Isocitrate + NADP+ <=> 2-Oxoglutarate + CO2 + NADPH + H+
As with all reactions of the TCA, this reaction is reversible; under some conditions some cells will convert 2-oxoglutarate to isocitrate. Also keep in mind that a common synonym for 2-oxoglurate is alpha-ketoglutarate or aKG.
Now the influence of primary metabolism on cancer is a hot topic -- again. Back in the 1920s Otto Warburg earned a Nobel prize for the observation that tumors seem to rely on anerobic glycolysis more than their normal cousins. The field was pretty cold for a long while but lately it has gotten new interest, including a number of startup companies trying to develop cancer therapeutics. During my last job interruption, I consulted for one of these (Agios), though I have no ongoing financial interest in the company.
A striking observation is the pattern of the mutations: in each case a single arginine residue is mutated, though to multiple possible amino acids. However, these are not equiprobable. In the current COSMIC, there are 1859 reported IDH1 mutations -- and 1468 (78.97%) of those are R132H. Only a handful of mutations have been found outside R132. IDH2 has two hotspot sites, R140 and R172
Now, what are these mutations doing? What is special about IDH? The first attempt to answer this was published in April 2009 and came to the conclusion that the mutant enzyme is less effective at binding its substrate and generating the product alpha ketoglutarate. Furthermore, the mutant enzyme was proposed to poison the wild type copy by the formation of inactive heterodimers. Finally, this was proposed to activate the important HIF1 transcription factor, which regulates a number of tumor-promoting pathways. So in this view of the world, IDH1/2 are tumor suppressors inactivated in glioblastoma.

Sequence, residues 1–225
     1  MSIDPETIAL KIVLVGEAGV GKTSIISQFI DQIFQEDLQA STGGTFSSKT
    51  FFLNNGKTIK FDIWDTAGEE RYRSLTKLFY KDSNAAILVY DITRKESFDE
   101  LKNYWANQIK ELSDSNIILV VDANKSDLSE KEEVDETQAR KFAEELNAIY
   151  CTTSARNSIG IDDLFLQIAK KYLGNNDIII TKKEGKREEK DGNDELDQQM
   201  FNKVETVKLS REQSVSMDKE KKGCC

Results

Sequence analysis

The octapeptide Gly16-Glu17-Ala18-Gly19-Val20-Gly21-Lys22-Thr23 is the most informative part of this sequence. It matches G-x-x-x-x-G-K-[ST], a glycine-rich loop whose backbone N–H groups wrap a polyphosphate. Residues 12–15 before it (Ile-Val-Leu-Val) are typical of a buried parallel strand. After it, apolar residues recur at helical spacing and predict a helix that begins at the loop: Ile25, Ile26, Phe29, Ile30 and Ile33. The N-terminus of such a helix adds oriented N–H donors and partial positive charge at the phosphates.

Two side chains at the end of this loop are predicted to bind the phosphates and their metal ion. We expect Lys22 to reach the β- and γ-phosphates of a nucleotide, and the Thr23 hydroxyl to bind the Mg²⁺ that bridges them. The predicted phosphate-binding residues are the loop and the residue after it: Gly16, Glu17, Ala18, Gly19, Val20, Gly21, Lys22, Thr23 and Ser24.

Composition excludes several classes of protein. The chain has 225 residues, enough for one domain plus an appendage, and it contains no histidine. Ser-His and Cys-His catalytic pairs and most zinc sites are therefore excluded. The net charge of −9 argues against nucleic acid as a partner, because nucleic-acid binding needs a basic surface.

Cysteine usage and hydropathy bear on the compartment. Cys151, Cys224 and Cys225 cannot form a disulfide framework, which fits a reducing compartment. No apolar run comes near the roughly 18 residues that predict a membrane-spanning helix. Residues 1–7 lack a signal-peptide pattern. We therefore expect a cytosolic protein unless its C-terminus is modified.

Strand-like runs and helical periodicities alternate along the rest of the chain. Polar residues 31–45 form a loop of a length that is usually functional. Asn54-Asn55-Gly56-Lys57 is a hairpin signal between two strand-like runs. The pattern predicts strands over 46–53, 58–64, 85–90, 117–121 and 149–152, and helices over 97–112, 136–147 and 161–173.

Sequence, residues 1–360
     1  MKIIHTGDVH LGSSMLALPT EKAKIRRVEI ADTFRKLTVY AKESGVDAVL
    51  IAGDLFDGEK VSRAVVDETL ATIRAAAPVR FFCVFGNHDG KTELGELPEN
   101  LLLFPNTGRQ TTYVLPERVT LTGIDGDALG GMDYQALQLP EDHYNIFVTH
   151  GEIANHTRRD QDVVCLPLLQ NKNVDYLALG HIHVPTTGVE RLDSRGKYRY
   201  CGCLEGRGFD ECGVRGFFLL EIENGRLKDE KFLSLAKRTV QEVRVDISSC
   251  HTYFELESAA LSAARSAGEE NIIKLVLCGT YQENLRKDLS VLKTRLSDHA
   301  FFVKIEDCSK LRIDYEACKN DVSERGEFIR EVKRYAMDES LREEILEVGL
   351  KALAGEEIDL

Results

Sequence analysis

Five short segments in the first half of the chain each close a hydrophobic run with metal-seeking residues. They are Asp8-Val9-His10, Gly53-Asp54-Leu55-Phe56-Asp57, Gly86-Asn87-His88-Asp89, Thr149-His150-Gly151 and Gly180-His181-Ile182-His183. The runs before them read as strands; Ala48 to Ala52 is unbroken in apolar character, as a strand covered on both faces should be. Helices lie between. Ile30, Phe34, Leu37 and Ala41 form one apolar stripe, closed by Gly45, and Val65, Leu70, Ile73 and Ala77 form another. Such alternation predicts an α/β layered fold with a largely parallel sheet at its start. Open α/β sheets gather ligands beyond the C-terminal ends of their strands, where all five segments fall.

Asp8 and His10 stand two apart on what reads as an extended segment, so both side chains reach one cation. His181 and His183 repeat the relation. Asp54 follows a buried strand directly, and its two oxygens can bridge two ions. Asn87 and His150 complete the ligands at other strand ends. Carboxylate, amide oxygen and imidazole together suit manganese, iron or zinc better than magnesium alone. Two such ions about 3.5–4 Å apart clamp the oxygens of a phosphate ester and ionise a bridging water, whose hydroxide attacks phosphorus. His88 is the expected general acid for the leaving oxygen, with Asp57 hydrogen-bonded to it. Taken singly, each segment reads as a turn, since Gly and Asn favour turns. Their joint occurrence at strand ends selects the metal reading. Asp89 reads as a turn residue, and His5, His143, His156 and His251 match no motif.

The part that was unsatisfying about this explanation is that it failed to explain why IDH1/2 mutations are so focused. In general, many mutations can destroy enzymatic function, so tumor suppressor enzymes generally show a diffuse mutation pattern. It is dangerous to think we can think through such biochemical puzzles, but it did mean the solution to the puzzle wasn't a clear winner.